Wilkinson Family

Portrait of David Wilkinson
Portrait of David Wilkinson

In 1665, the first members of the Wilkinson family arrived in Rhode Island. Lawrence Wilkinson, of Lancaster, England, immigrated to New England and settled in Providence in 1657. He gained prominence as a military and political leader. The younger members of the Wilkinson family moved to Cumberland and Smithfield, Rhode Island.

Several generations later, descendant Oziel Wilkinson was a successful blacksmith in Smithfield, Rhode Island. In the 1780s, Oziel moved his family to the growing village of Pawtucket, located in North Providence. There, he began making anchors for the community’s growing shipbuilding industry. His son, David, proved himself a skilled machinist and inventor.

As fate would have it, the Wilkinson’s story crossed paths with a young Samuel Slater in 1790. As Slater attempted to rework the faulty equipment Almy and Brown purchased, he relied on local craftsmen. David Wilkinson became one of Slater’s most valuable assistants.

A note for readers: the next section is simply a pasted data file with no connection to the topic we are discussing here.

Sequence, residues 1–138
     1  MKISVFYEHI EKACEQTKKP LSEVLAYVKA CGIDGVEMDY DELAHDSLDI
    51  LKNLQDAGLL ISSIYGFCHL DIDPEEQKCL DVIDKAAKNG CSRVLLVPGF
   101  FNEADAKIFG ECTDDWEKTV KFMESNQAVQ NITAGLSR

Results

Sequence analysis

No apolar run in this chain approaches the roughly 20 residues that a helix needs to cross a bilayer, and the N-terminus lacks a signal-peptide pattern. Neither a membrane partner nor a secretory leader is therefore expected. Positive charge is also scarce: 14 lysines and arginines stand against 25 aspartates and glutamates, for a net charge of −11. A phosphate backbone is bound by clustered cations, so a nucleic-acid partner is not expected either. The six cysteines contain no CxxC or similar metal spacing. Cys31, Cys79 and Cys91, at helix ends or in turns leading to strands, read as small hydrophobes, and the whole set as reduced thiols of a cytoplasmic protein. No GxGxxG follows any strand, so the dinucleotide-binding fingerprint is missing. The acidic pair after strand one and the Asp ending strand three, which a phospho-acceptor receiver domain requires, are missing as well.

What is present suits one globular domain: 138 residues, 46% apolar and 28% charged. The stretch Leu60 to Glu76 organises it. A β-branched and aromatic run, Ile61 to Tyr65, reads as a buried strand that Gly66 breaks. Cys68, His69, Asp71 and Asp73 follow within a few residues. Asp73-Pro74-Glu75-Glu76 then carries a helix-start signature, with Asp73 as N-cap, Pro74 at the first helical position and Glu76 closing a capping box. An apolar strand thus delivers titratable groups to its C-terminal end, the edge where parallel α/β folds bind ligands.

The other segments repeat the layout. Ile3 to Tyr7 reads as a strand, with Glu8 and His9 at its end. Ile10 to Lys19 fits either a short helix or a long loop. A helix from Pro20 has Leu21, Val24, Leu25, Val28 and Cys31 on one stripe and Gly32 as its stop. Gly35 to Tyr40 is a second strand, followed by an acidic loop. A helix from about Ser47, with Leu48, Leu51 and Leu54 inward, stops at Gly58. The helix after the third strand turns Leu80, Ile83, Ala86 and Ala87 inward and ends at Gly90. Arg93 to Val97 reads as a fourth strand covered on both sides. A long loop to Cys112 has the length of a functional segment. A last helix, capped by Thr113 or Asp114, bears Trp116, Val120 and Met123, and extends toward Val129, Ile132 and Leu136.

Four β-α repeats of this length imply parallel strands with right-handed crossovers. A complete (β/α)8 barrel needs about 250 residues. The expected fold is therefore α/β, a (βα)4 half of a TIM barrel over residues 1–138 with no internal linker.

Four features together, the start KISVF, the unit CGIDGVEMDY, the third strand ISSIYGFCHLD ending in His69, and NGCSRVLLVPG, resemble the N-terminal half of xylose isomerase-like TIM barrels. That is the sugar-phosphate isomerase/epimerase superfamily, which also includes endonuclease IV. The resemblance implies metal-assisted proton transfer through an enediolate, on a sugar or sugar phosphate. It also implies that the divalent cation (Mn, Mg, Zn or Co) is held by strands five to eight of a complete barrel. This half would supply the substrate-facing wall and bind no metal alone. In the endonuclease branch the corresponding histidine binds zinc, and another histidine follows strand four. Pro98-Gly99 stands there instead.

However, the bonds between the Wilkinsons and Slater were more than just business acquaintances. The Wilkinsons became a second family to Slater. He courted and married their daughter Hannah. The Wilkinson family and Slater were close friends and confidants.

Screw Threading Machine
Screw Threading Machine

David Wilkinson’s work as an inventor and machinist were among some of his most important achievements. The screw cutting lathe was probably his most important invention. This machine standardized the cutting of screw threads. This meant people could use just one type of screw. This was a big advancement for helping people when making machines.

His steam powered inventions were used in the cotton and woolen industries. These allowed shops and mills to be built anywhere, not just along waterways. Wilkinson also invented power looms. These looms were manufactured earlier than the more famous Draper Looms. He also designed parts of the Middlesex Canal and other canal systems in New York, Pennsylvania, and Ohio.

In 1829, an economic depression forced David to sell off his mills. He resettled in New York shortly after. The legacy of the Wilkinson family is still felt on the property of Old Slater Mill National Historic Landmark. There the 1810 Wilkinson Mill remains as a testament to an important family who helped usher in the American Industrial Revolution.


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Last updated: December 14, 2021

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Contact Info

Mailing Address:

67 Roosevelt Ave
Pawtucket, RI 02860



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